India has approached the United Nations for settling a $46.60-million charge for running peacekeeping mission during the past five-six years.
But given the financial crisis the UN is going through due to non-payment of budgetary dues by the US and Japan, the money may take a while to come
The UN is running 14 peacekeeping operations, and the expenses for the period from July 1, 2010 to June 31, 2011 are estimated at $7.83 billion.
The Indian peacekeepers - 8,680 troops and police personnel - are employed in key in Sudan, Congo, Cote'd' Ivoire, Haiti and Liberia.
India has a claim of $24.86 million for troop and policing costs. A sum of $21.74 million is due for equipment.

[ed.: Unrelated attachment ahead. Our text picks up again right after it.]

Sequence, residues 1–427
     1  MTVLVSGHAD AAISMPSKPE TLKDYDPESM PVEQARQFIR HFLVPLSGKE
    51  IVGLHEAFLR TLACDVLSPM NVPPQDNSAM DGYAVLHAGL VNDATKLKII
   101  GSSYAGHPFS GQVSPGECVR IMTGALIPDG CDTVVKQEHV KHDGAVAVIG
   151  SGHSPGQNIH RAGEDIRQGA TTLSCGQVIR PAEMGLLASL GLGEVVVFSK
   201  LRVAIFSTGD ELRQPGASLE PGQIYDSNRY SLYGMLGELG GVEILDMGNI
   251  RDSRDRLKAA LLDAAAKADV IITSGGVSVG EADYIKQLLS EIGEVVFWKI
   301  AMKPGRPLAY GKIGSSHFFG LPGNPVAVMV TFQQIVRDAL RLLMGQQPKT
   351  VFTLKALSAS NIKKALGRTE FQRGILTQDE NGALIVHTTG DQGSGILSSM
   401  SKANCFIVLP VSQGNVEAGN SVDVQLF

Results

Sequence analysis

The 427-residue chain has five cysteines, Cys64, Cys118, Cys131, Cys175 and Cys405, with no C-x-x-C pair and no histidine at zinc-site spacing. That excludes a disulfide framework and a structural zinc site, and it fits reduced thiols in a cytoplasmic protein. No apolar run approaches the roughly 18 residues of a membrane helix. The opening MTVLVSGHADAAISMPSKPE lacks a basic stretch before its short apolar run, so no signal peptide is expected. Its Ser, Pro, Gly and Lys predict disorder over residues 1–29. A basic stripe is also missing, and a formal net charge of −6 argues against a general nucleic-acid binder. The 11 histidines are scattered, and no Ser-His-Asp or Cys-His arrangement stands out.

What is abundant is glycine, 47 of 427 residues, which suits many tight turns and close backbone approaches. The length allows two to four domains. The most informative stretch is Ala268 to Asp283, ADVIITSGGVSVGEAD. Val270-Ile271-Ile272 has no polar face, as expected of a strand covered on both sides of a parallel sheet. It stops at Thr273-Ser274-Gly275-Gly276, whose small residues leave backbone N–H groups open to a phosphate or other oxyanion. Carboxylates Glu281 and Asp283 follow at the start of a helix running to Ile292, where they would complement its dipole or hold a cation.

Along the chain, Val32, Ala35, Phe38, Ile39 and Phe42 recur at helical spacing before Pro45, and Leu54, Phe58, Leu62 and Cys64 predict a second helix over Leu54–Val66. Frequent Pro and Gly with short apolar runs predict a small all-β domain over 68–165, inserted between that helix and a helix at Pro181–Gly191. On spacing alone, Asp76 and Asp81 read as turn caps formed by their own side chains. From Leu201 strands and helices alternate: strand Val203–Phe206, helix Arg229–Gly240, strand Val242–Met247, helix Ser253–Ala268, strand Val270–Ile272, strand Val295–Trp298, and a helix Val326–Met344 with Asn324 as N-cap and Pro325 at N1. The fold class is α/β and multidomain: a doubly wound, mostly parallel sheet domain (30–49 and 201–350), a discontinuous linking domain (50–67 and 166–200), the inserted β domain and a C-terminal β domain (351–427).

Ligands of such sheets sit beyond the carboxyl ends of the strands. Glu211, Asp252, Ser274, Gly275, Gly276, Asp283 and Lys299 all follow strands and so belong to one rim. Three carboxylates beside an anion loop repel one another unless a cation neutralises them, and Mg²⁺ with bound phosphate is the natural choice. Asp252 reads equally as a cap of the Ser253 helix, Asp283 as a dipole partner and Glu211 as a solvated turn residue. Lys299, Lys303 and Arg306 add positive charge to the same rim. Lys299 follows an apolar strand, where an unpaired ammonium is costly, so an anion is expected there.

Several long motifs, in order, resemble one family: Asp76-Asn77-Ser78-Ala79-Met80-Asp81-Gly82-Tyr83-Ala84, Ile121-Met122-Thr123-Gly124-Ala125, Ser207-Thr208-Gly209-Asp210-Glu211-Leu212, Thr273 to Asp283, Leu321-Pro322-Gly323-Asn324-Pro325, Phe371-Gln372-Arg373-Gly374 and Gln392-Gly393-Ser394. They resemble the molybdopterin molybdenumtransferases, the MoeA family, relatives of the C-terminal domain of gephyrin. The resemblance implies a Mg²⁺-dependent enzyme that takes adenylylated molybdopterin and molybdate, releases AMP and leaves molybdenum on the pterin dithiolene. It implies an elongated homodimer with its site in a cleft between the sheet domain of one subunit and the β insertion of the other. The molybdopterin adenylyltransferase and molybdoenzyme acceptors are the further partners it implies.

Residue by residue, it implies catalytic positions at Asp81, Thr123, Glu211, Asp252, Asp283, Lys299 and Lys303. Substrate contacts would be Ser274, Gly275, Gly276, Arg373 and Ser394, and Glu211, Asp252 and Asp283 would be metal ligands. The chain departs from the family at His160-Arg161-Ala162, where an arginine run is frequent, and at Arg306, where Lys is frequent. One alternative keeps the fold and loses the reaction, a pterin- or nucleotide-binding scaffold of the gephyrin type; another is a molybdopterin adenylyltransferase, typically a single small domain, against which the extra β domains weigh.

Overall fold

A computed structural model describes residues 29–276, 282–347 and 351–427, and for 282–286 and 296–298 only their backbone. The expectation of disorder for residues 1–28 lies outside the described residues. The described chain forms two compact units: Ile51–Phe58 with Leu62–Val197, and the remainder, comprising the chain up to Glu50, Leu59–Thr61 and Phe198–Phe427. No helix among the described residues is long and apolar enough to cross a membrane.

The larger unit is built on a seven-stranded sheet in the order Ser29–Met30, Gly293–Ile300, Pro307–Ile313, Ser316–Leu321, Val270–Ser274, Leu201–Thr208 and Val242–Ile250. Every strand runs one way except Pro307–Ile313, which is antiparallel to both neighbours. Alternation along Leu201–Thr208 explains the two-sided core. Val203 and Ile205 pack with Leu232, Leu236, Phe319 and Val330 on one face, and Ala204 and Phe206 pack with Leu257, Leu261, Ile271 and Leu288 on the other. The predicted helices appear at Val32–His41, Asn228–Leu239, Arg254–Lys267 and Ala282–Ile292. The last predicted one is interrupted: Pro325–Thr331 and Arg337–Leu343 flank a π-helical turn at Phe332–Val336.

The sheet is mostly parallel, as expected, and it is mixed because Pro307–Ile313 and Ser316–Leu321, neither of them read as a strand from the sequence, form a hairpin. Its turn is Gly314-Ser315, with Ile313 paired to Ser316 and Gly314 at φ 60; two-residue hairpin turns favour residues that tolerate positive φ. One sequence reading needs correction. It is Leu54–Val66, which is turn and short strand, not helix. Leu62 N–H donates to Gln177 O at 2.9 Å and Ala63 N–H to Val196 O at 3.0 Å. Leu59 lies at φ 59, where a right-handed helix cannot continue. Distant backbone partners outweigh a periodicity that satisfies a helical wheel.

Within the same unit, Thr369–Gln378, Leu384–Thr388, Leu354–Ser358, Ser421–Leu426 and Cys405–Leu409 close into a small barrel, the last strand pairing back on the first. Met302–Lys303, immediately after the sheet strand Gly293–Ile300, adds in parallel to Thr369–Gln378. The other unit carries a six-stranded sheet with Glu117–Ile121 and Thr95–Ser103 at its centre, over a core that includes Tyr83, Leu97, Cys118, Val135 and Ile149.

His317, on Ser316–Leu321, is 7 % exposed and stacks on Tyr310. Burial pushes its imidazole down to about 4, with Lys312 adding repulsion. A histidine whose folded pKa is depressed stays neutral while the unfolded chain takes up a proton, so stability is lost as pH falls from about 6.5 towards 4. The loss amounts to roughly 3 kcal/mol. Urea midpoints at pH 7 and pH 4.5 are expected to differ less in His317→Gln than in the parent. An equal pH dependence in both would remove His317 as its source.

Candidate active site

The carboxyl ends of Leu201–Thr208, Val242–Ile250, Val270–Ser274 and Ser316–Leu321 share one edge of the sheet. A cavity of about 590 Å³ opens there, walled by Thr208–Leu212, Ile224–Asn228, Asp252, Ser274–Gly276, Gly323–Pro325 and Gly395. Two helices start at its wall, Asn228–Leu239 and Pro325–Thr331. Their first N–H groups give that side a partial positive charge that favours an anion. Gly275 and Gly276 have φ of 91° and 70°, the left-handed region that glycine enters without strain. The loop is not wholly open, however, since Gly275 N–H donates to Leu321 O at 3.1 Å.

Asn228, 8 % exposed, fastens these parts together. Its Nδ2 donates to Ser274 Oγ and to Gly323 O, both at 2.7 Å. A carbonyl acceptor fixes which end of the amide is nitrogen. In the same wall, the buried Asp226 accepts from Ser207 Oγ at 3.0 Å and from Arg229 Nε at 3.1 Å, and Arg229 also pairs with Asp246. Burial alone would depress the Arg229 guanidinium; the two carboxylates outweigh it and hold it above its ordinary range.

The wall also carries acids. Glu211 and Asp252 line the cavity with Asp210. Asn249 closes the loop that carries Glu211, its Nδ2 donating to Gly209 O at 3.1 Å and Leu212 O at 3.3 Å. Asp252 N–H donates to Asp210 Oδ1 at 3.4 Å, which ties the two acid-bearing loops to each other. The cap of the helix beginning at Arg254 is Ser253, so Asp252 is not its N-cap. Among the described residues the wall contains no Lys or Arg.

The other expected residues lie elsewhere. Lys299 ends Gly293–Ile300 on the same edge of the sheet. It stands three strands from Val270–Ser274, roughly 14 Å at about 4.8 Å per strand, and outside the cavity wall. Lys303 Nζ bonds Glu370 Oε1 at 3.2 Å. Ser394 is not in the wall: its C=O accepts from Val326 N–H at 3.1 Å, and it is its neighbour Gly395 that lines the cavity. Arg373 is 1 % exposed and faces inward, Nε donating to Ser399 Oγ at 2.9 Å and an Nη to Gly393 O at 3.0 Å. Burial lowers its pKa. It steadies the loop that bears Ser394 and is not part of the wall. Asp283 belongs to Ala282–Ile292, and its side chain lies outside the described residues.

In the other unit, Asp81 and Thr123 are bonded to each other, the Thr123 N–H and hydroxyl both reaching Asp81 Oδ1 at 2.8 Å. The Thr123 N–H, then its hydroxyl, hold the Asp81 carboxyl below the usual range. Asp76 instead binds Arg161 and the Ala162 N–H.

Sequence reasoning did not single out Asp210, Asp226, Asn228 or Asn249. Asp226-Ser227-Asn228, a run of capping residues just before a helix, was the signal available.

Only Pakistan and Bangladesh have bigger peacekeeping contingents than India. While Pakistan has huge due of $53.2 million, Bangladesh - one of the poorest countries in the world - has a $47.8-million due yet to be paid.
Usually, respective governments first foot the salary and foreign allowance bills of their troops and later get reimbursed by the UN. Then comes the equipment expense for the missions.
"It's our understanding that the non-timely payment of budgetary contributions that UN member countries contribute caused the delay in the payment," explained a government official.
The finances of the 192-member UN are not in a good shape. Last year, the UN said it faced a $4.1-billion budget deficit with the US alone owing $2 billion.
Japan has the second highest due of $654 million, while Britain owes $307 million.
While many member countries, including the US, contested the UN claim, last year's economic downturn was cited as a reason for many members for non-payment of UN dues.
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